Audio Podcast at ITUNES Chicago Theatre Reviews for Week of June 23rd Narrated by Joshua Volkers
Silk Road Theatre, in association with Goodman Theatre, presentsYELLOW FACEReviewed by Katy WalshAn actor becomes an ambassador for the Asian community. He uses his celebrity status to draw attention to the government's unethical scrutiny of Chinese-Americans. Speaking as an actor of color, he instigates a collective empowerment movement. The only problem is he's 100% caucasian. Silk Road Theatre, in association with Goodman Theatre, presents the Chicago premiere of YELLOW FACE. Playwright David Henry Hwang makes himself the main character in a culturally insensitive farce. It's the 1990's. Hwang has recently earned a Tony for his play, "M. Butterfly." Being the only Asian playwright ever bestowed that honor, Hwang is a cultural icon. A London-based musical, "Miss Saigon" is coming to Broadway starring Jonathan Pryce. The only problem is he's 100% caucasian. The Asian lead is being played by a white guy with taped eyes. The incident forces Hwang to become a spokesperson for preserving the integrity of Asian roles through the ethical treatment of Asian actors. Following his theatrical controversy, Hwang accidentally casts a white as his play's Asian lead. Even though Hwang remedies the delicate situation, his mistake typecasts the actor. And to Hwang's absurd misery, the actor embraces his new minority identity. YELLOW FACE is masking reality with colorful lunacy. Hwang masterfully creates a 'what if' alternative reality. The character Hwang is the flustered straight guy in a whirlwind of absurdities. Hwang chronicles snippets of truths alongside the rise and fall of Asian-influenced Marcus Ghee. The politically-incorrect satire pokes fun of every group: unscrupulous media, over-zealous protest groups, dim-witted politicians, and well-intentioned but non-listening fathers. The best part of the ridicule is Hwang's own self-deprecation as an ego-inflated writer obsessed with his own creation. Director Steve Scott paces the mockery with a fast, lyrical rhythm. A talented ensemble play a myriad of characters. It's blind-casting-spoofery as the ensemble transforms from one role to another without regard for gender or ethnicity. Scott skillfully choreographs the high-energy movement for optimal comedy.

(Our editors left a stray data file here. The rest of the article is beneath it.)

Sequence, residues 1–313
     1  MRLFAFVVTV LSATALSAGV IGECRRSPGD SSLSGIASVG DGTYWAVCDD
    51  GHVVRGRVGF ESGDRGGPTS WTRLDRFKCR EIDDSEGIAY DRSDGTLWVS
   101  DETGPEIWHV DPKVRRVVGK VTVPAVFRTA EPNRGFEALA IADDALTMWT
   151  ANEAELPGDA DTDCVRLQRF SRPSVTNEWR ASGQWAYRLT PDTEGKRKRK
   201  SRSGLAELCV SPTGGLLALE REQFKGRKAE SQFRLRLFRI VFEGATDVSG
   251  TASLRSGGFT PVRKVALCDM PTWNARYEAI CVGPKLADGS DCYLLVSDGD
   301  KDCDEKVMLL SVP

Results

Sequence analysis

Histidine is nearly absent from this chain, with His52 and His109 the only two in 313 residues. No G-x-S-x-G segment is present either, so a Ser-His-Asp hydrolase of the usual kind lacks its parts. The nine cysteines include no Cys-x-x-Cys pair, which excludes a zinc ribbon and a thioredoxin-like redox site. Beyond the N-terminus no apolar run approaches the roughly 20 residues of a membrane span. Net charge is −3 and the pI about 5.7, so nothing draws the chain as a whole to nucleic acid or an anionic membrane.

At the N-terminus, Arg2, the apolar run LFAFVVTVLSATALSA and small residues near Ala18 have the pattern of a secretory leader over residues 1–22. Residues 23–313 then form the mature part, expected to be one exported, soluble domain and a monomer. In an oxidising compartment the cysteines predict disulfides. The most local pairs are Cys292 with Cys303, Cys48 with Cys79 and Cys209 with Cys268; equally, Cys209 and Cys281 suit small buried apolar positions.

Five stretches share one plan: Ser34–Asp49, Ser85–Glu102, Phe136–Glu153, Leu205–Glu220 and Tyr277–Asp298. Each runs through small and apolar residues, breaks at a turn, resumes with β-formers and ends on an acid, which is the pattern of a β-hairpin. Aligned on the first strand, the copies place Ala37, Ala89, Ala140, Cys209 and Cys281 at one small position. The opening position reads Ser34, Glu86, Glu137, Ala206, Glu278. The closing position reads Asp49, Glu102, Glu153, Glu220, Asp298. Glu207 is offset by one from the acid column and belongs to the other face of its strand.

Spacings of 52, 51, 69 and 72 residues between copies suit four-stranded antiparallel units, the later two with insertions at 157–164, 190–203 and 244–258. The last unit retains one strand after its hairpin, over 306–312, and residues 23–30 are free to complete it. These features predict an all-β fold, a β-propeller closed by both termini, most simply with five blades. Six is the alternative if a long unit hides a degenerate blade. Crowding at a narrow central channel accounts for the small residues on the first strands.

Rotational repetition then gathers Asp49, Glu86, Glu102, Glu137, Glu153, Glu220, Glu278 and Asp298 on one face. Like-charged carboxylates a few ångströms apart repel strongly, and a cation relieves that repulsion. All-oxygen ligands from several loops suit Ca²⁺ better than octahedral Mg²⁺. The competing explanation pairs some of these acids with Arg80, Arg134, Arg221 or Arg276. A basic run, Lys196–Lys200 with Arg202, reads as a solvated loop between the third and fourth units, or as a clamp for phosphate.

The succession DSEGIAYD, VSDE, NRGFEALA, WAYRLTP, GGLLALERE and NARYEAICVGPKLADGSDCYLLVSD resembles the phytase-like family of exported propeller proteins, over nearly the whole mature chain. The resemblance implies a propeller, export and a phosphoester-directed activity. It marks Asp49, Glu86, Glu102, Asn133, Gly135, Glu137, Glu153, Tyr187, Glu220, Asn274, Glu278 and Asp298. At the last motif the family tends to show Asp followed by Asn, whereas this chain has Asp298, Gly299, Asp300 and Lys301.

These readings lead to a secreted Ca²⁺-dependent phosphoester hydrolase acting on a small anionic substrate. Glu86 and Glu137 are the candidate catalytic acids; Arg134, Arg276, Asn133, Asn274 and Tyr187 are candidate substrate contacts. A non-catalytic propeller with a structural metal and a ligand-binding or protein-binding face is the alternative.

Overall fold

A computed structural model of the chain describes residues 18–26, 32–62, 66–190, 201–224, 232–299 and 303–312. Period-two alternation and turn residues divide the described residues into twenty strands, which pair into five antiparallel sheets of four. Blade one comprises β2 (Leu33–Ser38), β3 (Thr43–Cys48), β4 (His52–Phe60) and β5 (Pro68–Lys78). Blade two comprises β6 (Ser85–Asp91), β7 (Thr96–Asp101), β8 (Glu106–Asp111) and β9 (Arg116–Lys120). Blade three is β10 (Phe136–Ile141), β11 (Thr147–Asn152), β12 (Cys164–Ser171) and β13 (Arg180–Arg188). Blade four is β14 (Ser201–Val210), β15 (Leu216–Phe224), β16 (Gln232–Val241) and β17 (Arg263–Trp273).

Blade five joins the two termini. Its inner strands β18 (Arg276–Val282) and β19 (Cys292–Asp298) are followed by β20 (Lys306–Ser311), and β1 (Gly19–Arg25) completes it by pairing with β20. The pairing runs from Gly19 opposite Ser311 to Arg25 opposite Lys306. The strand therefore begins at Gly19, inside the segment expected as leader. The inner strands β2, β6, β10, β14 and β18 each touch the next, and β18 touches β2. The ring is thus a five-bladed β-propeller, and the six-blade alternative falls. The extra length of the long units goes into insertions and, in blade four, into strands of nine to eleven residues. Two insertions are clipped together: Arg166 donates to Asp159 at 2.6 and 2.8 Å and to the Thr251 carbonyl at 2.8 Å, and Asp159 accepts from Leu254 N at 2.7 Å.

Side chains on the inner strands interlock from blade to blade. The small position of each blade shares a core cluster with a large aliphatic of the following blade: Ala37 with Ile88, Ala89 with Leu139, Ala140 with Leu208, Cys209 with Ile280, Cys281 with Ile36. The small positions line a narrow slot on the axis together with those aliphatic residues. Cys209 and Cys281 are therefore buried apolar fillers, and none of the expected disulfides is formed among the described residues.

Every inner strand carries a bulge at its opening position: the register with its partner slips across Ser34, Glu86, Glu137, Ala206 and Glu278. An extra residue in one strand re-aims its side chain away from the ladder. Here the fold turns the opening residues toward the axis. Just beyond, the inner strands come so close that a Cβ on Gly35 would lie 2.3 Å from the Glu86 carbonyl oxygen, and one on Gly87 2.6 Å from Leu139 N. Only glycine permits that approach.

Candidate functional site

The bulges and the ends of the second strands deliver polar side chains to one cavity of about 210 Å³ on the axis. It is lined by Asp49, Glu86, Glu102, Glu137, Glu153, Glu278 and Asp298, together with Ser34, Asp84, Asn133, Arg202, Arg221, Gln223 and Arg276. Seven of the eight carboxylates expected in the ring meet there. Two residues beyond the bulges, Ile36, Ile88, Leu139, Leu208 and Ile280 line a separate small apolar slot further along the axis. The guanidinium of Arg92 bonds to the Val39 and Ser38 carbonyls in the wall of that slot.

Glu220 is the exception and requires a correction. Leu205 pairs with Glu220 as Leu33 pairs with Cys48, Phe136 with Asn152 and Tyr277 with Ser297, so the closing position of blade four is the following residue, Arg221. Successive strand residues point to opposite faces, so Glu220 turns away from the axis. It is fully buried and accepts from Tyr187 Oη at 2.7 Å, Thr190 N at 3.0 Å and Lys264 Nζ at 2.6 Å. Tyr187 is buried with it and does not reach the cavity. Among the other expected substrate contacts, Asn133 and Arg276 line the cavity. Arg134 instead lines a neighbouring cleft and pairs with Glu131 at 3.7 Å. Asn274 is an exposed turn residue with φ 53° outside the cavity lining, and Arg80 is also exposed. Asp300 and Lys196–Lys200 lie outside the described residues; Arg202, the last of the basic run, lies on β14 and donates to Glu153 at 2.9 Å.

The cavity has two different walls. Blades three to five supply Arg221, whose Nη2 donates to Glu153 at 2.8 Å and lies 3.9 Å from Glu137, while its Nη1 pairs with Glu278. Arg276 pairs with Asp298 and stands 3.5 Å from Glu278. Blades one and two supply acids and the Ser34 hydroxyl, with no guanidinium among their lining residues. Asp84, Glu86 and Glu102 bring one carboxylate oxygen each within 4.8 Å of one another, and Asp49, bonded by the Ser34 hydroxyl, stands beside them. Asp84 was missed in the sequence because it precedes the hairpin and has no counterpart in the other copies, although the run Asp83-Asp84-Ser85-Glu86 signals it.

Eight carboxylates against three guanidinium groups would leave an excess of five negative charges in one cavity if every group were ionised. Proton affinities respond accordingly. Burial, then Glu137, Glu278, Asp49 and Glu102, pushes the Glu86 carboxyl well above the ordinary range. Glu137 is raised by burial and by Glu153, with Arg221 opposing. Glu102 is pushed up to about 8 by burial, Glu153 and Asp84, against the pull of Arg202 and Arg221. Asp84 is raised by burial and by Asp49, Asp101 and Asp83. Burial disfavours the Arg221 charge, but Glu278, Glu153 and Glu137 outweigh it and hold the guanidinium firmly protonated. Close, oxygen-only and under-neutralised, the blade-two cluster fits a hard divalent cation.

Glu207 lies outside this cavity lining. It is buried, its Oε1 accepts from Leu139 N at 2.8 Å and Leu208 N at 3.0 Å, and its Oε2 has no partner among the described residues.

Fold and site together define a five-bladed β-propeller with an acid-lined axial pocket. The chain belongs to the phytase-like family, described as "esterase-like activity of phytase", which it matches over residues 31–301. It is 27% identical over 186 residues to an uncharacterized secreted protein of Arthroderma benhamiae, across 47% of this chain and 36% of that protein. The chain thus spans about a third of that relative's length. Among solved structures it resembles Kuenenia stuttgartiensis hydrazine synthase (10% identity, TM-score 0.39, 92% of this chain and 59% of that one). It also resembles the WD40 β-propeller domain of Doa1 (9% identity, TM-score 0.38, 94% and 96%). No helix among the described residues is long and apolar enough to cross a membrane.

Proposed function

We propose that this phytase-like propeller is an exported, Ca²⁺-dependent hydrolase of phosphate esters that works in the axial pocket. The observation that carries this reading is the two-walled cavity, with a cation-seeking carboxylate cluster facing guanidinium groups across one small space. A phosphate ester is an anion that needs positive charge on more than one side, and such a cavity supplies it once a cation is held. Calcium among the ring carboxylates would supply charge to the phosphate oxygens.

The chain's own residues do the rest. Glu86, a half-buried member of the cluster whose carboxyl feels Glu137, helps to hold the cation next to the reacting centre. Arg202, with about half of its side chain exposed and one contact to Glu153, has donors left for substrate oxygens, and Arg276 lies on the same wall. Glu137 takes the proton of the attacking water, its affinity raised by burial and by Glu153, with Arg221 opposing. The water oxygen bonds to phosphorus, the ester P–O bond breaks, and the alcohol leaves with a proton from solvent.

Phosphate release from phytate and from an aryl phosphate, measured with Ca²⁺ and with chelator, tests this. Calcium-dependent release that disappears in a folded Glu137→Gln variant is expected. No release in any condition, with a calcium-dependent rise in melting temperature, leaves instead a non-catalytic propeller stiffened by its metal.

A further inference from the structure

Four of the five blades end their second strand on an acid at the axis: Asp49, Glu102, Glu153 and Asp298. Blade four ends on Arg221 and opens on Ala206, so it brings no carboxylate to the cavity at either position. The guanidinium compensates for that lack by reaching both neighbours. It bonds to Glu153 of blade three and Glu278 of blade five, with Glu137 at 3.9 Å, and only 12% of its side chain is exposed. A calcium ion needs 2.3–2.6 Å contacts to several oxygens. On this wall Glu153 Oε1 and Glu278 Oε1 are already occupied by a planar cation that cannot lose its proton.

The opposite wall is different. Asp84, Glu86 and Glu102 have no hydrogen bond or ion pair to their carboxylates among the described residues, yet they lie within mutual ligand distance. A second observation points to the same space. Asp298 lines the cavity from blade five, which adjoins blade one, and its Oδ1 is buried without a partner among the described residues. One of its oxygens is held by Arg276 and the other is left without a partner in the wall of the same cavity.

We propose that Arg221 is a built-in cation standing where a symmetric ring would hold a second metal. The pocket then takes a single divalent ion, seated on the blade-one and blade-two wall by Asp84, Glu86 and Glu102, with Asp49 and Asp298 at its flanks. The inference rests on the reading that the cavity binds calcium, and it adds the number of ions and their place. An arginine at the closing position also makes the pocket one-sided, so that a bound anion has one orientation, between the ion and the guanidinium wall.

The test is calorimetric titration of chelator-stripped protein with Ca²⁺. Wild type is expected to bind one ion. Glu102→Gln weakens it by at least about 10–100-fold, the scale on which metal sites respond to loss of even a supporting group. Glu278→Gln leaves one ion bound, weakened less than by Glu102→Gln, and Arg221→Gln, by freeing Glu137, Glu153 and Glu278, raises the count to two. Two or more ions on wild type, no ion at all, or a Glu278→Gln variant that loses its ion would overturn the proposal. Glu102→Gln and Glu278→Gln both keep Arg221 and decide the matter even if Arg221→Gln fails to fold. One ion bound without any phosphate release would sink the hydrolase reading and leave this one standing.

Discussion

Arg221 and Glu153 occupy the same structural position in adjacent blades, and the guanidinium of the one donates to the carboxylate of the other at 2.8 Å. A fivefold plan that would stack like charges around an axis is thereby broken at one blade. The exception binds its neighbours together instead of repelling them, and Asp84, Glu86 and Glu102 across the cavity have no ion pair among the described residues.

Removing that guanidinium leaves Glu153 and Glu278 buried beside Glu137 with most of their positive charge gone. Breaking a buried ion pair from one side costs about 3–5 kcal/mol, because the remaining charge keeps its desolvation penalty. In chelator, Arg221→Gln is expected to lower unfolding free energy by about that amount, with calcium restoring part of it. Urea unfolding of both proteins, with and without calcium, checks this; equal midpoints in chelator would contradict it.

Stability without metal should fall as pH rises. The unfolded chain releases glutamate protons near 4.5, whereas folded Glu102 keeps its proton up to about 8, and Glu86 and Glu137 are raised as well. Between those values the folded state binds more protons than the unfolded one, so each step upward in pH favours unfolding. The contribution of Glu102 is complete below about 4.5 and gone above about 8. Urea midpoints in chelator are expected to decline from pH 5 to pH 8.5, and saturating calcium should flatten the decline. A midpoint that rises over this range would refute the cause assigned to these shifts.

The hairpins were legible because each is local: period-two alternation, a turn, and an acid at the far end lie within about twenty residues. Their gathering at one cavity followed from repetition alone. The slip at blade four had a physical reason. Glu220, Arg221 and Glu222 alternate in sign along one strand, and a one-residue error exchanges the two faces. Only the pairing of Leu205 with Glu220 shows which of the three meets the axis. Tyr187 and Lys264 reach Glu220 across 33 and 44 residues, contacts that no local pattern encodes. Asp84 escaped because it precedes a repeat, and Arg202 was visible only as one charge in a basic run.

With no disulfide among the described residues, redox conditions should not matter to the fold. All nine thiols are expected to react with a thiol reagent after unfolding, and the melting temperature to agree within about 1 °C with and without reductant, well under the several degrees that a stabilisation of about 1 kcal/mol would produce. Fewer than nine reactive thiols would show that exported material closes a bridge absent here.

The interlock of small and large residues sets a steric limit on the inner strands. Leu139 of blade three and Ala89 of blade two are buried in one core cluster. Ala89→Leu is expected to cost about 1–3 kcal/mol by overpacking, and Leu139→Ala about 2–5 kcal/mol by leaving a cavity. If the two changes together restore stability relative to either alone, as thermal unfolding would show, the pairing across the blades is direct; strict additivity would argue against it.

In the lead, David Rhee (Hwang) is the focal point. Rhee narrates the culturally sensitive lesson with healthy doses of confidence, vulnerability and buffoonery. Rhee chasing the accidental ethnic tourist is a hilarious fixation. Later, Rhee's interaction with Joseph Anthony Foronda (Hwang's dad) endears with a sweet vulnerability. Although Foronda plays many parts, he is most outstanding in the paternal role. The humorous relationship feels authentic father and son. It's a loving mixture of pride and wanting something more.
On the surface, YELLOW FACE is an entertaining political parody. The dialogue engages with sharp wit. The premise mulls over embracing or ignoring ethnic differences. Being "politically-correct" becomes it's own joke. At face value, this show is about cultural identity. Remove the mask and at the heart of YELLOW FACE, Playwright Hwang wrote a beautifully complicated and charming tribute to his father.Running Time: Two hours and fifteen minutes includes an intermissionAt The Historic Chicago Temple Building, 77 W. WashingtonWritten by David Henry HwangDirected by Steve ScottWednesdays and Thursdays at 7:30pmFridays and Saturdays at 8pmSaturdays and Sundays at 4pmEXTENDED THRU July 31stBuy Tickets